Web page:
High Tech Meets High Art in UT's CAET Initiative
New center teaches art students technical and computer skills
By Tucker Whatley,
8:00AM, Mon. Feb. 15, 2016
The technological explosion of the 21st century has profoundly effected our lives, inundating our senses with endless streams of information and mutating pop culture into bizarre forms at warp speed. Even something as high-brow and historically analog as fine arts education can’t resist the effects of these developments.
Fine arts degrees don’t equate to immediate gainful employment in one’s chosen field. Often, graduates resort to a combo of unpaid internships and barely-paid service industry jobs before getting their break as a performer in a nonprofit orchestra or theatre company or as a slam poetry tycoon. CAET treads new ground for the College of Fine Arts by preparing its students primarily for employment in growing, for-profit commercial industries.
"It's no secret that there are fewer publicly funded orchestras than there were," Center for Arts and Entertainment Technologies Director Bruce Pennycook says. "We're looking at how technology in the arts over the next 20 years seems to be where the cultural industry is moving."
Proponents of the CAET believe the initiative could divert students away from overcrowded and competitive majors like computer science, engineering, and film. They also hope the new center can serve students who don’t fit into traditional arts or technical programs.
“We’re looking for a different kind of student than someone who wants to be an orchestra violin player,” says Pennycook. “We’re looking for the musician who loves making tracks on their Mac at home.”
The Center for Arts and Entertainment Technologies will be split into four main parts. The first is an undergraduate curriculum, with many of its courses already available to students. Another is a suite of research initiatives headed by the center. There will also be a $3 million renovation to the fine arts library and the creation of the Hub, an entrepreneurial center that will advise students on topics like patenting, copyrights, and technology commercialization beginning in Fall 2016.
Perhaps the most striking development by CAET is the creation of a new degree: the Bachelor of Science in Arts and Entertainment Technologies which debuts in the Fall 2016 semester. This is the first Bachelor of Science offered by the School of Fine Arts, reflecting the heavy technical focus of this academic track. There are expected to be 400 students majoring in the new degree plan in four years, with 100 students added to the major every year.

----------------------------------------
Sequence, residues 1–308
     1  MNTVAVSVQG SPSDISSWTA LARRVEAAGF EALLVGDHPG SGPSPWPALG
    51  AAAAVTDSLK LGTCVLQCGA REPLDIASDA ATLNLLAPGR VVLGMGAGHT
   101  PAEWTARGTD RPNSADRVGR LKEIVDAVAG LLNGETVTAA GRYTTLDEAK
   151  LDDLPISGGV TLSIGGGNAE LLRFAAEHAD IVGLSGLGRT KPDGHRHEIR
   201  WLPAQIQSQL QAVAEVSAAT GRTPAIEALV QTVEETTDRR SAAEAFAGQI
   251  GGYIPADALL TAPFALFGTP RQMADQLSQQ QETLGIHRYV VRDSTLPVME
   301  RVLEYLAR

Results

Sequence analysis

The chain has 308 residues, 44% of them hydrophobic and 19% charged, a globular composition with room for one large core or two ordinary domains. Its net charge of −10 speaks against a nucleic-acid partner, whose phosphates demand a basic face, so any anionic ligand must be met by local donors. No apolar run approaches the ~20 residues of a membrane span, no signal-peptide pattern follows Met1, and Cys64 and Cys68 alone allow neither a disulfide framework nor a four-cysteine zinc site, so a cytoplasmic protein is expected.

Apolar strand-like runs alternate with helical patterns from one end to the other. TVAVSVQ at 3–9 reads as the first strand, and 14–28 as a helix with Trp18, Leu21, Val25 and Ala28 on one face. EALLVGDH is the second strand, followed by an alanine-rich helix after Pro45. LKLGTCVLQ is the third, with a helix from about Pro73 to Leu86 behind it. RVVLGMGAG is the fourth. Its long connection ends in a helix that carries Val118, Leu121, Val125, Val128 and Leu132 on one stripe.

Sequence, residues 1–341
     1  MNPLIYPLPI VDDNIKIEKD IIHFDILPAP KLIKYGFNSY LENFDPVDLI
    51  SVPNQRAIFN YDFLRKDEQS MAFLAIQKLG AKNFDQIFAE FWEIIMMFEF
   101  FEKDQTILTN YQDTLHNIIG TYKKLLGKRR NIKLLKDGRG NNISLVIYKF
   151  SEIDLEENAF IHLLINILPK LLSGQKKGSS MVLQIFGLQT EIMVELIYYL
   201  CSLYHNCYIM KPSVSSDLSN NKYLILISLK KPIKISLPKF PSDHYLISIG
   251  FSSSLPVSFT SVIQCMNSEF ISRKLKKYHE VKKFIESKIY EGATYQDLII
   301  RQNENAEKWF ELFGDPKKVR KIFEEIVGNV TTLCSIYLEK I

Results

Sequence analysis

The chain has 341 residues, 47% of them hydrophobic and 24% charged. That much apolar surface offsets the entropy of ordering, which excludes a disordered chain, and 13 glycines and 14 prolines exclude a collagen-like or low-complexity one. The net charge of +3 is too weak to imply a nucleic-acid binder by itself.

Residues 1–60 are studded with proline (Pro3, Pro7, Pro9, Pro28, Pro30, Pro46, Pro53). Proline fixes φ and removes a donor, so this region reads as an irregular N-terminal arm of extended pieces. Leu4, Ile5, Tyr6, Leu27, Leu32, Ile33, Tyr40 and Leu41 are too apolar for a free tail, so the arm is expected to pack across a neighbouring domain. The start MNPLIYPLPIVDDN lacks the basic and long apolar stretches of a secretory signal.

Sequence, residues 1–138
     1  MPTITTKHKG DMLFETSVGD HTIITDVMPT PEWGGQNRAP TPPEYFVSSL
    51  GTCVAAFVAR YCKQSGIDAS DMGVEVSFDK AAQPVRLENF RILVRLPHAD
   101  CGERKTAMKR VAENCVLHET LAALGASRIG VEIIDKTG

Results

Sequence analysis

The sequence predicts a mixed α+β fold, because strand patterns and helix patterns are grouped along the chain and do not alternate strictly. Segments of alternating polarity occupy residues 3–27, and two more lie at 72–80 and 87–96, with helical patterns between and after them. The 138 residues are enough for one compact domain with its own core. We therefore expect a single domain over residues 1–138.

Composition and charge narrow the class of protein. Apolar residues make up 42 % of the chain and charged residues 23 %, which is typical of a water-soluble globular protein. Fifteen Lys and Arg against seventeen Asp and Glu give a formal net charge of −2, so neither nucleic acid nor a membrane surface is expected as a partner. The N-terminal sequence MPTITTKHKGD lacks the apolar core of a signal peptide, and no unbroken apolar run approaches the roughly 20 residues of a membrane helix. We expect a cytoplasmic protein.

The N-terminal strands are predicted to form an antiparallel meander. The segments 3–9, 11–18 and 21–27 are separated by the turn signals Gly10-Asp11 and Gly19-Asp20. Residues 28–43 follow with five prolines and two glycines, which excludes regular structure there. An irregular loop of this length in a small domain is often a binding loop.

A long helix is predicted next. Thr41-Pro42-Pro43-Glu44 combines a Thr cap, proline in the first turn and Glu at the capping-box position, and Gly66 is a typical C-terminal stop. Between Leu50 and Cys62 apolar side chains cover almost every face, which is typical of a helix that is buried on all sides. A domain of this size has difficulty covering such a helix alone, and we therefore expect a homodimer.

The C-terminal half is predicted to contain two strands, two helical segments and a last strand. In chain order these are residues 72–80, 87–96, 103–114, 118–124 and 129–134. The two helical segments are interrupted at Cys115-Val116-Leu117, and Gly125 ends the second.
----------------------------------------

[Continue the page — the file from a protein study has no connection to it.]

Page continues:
CAET students explore the basics of the various fields covered by the program as part of their core curriculum. Once done with the core, they choose which of these three branches – Music and Sound, Games and Mobile Media Applications (GAMMA), or New Performance Technologies (centering around theatre and dance) – interests them the most. Their curriculum culminates in a capstone project: the creation of a substantive work in their field. The center also requires internships with companies to give students hands-on experience in the entertainment industry.
GAMMA predates the rest of CAET’s fields of study. The program began roughly a decade ago as a response to concerns originating from the Governor’s Office and other state and local governing bodies that UT wasn’t producing the talent the thriving Texas game industry needed. According to Dean of the College of Fine Arts Doug Dempster, “The gaming industry had to recruit talent from all over the country, and they weren’t coming from UT.”
UT used GAMMA as the model for the Center for Arts and Entertainment Technologies as a whole, giving students the technical skills and experience to succeed in the burgeoning entertainment industries in Austin and statewide.
To give students the tools to excel in these programs, CAET plans to construct the Foundry, a laboratory that will be housed within the Fine Arts Library. The “makerspace,” which will be open to all UT students and faculty, will contain 3D printers, a small recording studio, video editing stations, music production equipment, and workstations for microelectronics, animatronics, and technology-enhanced costume design.
This sort of high-tech, industrial environment might not seem like the natural hang-out spot for the next generation of up-and-coming artists, but the College of Fine Arts wants to leave behind these notions of what an artist does.
“We don’t want to just be teaching art-forms from the last century or the 18th century,” Dempster says. “We also want to be moving forward with the culture, because our students are going to be living in a different cultural and artistic and entertainment world than the one we’re living in.”